The justices took the bench just past 10 o'clock on the first Monday in October, even as much of the rest of the government was coping with a partial shutdown.

7. Supreme Court Strikes Federal Marriage Provision -

WASHINGTON (AP) – In a historic victory for gay rights, the Supreme Court on Wednesday struck down a provision of a federal law denying federal benefits to married gay couples and cleared the way for the resumption of same-sex marriage in California.

8. Supreme Court Halts Use of Key Part of Voting Law -

WASHINGTON (AP) – A deeply divided Supreme Court threw out the most powerful part of the landmark Voting Rights Act on Tuesday, a decision deplored by the White House but cheered by mostly Southern states now free from nearly 50 years of intense federal oversight of their elections.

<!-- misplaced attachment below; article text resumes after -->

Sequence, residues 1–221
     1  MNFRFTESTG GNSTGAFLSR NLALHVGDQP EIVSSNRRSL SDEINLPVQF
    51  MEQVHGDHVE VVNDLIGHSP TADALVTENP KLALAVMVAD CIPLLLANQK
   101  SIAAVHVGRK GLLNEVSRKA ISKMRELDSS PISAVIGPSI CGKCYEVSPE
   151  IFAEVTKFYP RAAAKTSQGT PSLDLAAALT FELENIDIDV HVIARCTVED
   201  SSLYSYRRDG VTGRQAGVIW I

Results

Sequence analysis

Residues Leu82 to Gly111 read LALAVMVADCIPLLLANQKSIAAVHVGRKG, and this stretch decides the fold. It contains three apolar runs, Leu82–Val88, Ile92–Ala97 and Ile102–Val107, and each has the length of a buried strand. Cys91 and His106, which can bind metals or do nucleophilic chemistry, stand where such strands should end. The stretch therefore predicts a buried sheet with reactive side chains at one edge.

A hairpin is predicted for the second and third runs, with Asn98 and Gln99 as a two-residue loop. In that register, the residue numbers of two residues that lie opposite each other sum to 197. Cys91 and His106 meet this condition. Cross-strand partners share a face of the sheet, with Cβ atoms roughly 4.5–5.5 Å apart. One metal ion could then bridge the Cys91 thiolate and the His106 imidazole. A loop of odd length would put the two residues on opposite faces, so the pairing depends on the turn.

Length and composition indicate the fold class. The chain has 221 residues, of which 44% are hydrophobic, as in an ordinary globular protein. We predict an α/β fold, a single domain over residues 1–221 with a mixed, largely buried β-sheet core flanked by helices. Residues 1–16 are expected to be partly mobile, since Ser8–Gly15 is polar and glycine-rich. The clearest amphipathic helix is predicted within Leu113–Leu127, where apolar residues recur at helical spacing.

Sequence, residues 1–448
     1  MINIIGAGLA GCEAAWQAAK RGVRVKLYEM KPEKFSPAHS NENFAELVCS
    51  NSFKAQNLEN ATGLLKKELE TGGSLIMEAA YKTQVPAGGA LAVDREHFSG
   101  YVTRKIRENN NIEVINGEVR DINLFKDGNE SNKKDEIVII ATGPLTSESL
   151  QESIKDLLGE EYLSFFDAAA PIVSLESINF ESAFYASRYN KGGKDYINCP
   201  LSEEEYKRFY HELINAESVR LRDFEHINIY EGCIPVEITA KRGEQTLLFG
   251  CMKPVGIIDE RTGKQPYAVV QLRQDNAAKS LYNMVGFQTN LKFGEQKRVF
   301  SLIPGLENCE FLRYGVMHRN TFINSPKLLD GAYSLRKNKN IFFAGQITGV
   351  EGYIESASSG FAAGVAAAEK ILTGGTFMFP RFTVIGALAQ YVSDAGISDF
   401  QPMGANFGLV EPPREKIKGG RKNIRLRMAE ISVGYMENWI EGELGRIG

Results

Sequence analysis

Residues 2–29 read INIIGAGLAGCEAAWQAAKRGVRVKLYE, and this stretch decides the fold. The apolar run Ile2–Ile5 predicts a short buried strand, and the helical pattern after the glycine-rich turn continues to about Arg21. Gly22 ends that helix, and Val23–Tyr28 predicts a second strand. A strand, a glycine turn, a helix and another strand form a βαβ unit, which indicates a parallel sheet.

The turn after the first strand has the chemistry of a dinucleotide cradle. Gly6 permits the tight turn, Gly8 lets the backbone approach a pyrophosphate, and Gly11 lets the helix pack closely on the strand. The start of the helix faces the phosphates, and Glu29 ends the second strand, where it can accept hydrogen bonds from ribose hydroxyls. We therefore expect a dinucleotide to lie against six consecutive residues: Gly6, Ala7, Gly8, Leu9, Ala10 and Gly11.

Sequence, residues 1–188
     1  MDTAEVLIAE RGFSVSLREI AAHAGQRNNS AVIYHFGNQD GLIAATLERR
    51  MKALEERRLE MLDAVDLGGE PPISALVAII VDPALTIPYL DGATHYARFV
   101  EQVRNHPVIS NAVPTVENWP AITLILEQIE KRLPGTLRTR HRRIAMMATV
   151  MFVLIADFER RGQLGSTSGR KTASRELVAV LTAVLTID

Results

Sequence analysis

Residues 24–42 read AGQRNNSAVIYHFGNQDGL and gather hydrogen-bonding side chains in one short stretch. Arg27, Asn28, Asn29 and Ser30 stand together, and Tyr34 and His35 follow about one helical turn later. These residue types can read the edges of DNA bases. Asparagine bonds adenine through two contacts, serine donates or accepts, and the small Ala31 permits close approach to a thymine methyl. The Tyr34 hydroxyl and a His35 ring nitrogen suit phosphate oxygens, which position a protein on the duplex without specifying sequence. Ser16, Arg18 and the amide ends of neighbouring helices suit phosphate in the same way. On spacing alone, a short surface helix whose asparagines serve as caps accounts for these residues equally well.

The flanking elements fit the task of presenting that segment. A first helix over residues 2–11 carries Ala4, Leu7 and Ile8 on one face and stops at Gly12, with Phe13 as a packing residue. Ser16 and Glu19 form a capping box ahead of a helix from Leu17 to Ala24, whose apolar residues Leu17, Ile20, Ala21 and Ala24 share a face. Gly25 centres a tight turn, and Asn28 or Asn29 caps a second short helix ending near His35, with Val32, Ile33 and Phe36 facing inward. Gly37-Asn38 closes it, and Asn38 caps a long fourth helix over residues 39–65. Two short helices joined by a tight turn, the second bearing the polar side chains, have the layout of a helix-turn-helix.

9. Supreme Court Makes it Harder to Sue Businesses -

WASHINGTON (AP) – A sharply divided Supreme Court on Monday decided to make it harder for Americans to sue businesses for retaliation and discrimination, leading a justice to call for Congress to overturn the court's actions.

10. Supreme Court: 'Pay to Delay' Generic Drugs Can be Illegal -

WASHINGTON (AP) – The Supreme Court ruled Monday that deals between pharmaceutical corporations and their generic drug competitors, which government officials say keep cheaper forms of medicine off the market, can be sometimes be illegal and therefore challenged in court.

11. Court Says Human Genes Cannot be Patented -

WASHINGTON (AP) – The Supreme Court ruled Thursday that companies cannot patent parts of naturally-occurring human genes, a decision with the potential to profoundly affect the emerging and lucrative medical and biotechnology industries.

12. Rhodes Honors Gray for Outstanding Research -